Then he gets into a discussion of sleep-talking, or somniloquy, a lovely word that I will have to pass along to my nephew, a notorious sleep-talker himself. Is sleep-talking related to sleep-walking? Not as much as one might think. Do sleep-talkers ever speak comprehensibly? Sometimes, though rarely. Is what they say significant, or are they rambling - or dreaming? Unclear; some people seem to recount - sometimes word for word - conversations they've had during the day, while others ramble about impossible things [Lovecraft, anyone?] and still others mutter incomprehensibly [to the vast frustration of the people they've awakened, who had hoped to at least get some dirt out of it!]. Another odd thing: there are records of patients who have aphasia and cannot speak at all while conscious, but who can speak in their sleep. What this says about the brain and speech - and sleep - I have no idea, but it's interesting.
Another moment of happy recognition came farther along, when in the sleep-talking chapter Hayes refers to a notorious sleep-talker named Dion [rhymes with "lion" as it's short for Dionysus] McGregor, whose prolonged sleep-talking sessions were recorded by a doctor and then published both as a book and a recording - illustrated by [wait for it...] Edward Gorey!!!!
I had never heard of this book!!! [Alas, it's rarish and pricey, but now I have to get one anyway.] Am not so sure I want to hear the recorded version, even though it's apparently been reissued on CD recently (click here for some comments on the recordings); as Hayes describes it, "he sounds as if he were channeling Truman Capote on acid: flirtatious, slushy, disconnected from reality - the voice of self-unconsciousness. Even his transcribed speeches have this quality." But "as innocuous as Dion's words sound today, I am still haunted by the possibility that a very troubled soul lay at the heart of this flamboyant man who talked in his sleep, whose somniloquy was recorded, published, exploited. Dressed up with Gorey's whimsical drawings, his book looks enchanting. On the written page, his sleeptalking references are often funny, campy, graphic, fantastical. But listening to the recordings, one finds that Dion's somniloquy nearly always ends in the same way: in fury, with a bloodcurdling shriek."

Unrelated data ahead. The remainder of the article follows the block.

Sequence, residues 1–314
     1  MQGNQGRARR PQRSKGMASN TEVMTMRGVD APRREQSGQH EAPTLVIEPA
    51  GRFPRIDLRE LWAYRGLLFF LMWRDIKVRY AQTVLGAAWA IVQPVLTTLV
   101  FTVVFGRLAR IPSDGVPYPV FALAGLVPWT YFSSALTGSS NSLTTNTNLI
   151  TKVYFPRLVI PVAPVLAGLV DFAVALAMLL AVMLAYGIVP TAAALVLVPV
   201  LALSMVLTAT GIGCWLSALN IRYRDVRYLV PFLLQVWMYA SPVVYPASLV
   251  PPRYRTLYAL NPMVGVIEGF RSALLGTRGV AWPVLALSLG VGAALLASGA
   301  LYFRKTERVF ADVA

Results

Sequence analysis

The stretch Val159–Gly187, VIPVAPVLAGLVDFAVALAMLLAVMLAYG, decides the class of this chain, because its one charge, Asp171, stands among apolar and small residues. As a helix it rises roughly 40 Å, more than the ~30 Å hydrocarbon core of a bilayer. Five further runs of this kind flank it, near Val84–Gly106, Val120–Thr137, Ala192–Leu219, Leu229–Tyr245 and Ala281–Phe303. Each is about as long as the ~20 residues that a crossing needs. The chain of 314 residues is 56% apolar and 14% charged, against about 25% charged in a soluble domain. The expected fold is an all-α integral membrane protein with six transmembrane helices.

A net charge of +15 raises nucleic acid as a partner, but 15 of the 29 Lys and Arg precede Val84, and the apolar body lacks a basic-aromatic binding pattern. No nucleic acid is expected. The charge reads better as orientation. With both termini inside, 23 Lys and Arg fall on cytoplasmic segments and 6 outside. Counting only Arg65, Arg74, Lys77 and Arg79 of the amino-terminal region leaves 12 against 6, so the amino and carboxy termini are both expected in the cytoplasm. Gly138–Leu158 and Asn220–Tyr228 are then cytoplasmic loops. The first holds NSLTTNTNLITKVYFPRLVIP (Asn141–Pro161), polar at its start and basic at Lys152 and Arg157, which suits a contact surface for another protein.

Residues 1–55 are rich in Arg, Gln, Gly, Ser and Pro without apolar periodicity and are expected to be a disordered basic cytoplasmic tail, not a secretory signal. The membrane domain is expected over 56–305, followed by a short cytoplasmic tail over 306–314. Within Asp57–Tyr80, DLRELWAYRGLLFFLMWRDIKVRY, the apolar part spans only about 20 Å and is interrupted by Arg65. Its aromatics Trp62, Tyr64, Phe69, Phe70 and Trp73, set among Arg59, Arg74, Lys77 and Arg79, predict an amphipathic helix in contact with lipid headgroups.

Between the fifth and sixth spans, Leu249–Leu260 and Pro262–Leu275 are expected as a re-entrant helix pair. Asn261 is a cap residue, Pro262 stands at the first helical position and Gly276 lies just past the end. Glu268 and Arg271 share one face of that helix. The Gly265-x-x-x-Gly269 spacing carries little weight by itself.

While most of the book is nostalgic, informative, funny, or all of the above, the bit about McGregor isn't the only chilling passage. One of Hayes' friends, hospitalized in the final stages of AIDS, "stopped talking after several days in the ward, I was told. I remember thinking, I'm not surprised: this shy and gentle kid is ready to die, and he doesn't want to talk about it to anyone - whether doctor, social worker, or friend - anymore. I interpreted his silence as a noble surrender.... It wasn't until he died a few weeks later and an autopsy was performed that doctors finally discovered lesions on Jeff's brain, due to AIDS which had caused his dementia and loss of speech."
Hayes is finally convinced to try and do something about his own insomnia when his partner Steve becomes very ill with AIDS himself; the stress of caregiving makes Hayes' usual sleep difficulties even worse, and his growing use of sleeping pills doesn't help. But when the new protease inhibitors give Steve a respite from the disease, Hayes decides that maybe he can give science a chance as well, and goes to a sleep clinic. Will they be able to help him get a good night's sleep? Hey, I have to leave something for the reader to discover!
All told I enjoyed this book very much, from Hayes' researches into the history of sleep studies to his account of his own life. I like the way he writes, and the way he weaves the elements of the book together - it all seems to flow naturally between his researches, memories, and speculations, the way one's work and one's life can be interwoven.
[I enjoyed another book of his, Five Quarts: A Personal and Natural History of Blood, also, though it didn't have quite the impact of this one. That was followed up by The Anatomist: A True Story of Gray's Anatomy, also worth reading - as is his book about his romance with the late Oliver Sacks, in Insomniac City.]
WILD RELEASE NOTES:
I left this book in this new-to-me Little Free Library on this bright, chilly day; hope someone enjoys it!
[See other recent releases in RI here.]
*** Released for the 2022 52 Towns in 52 Weeks challenge. ***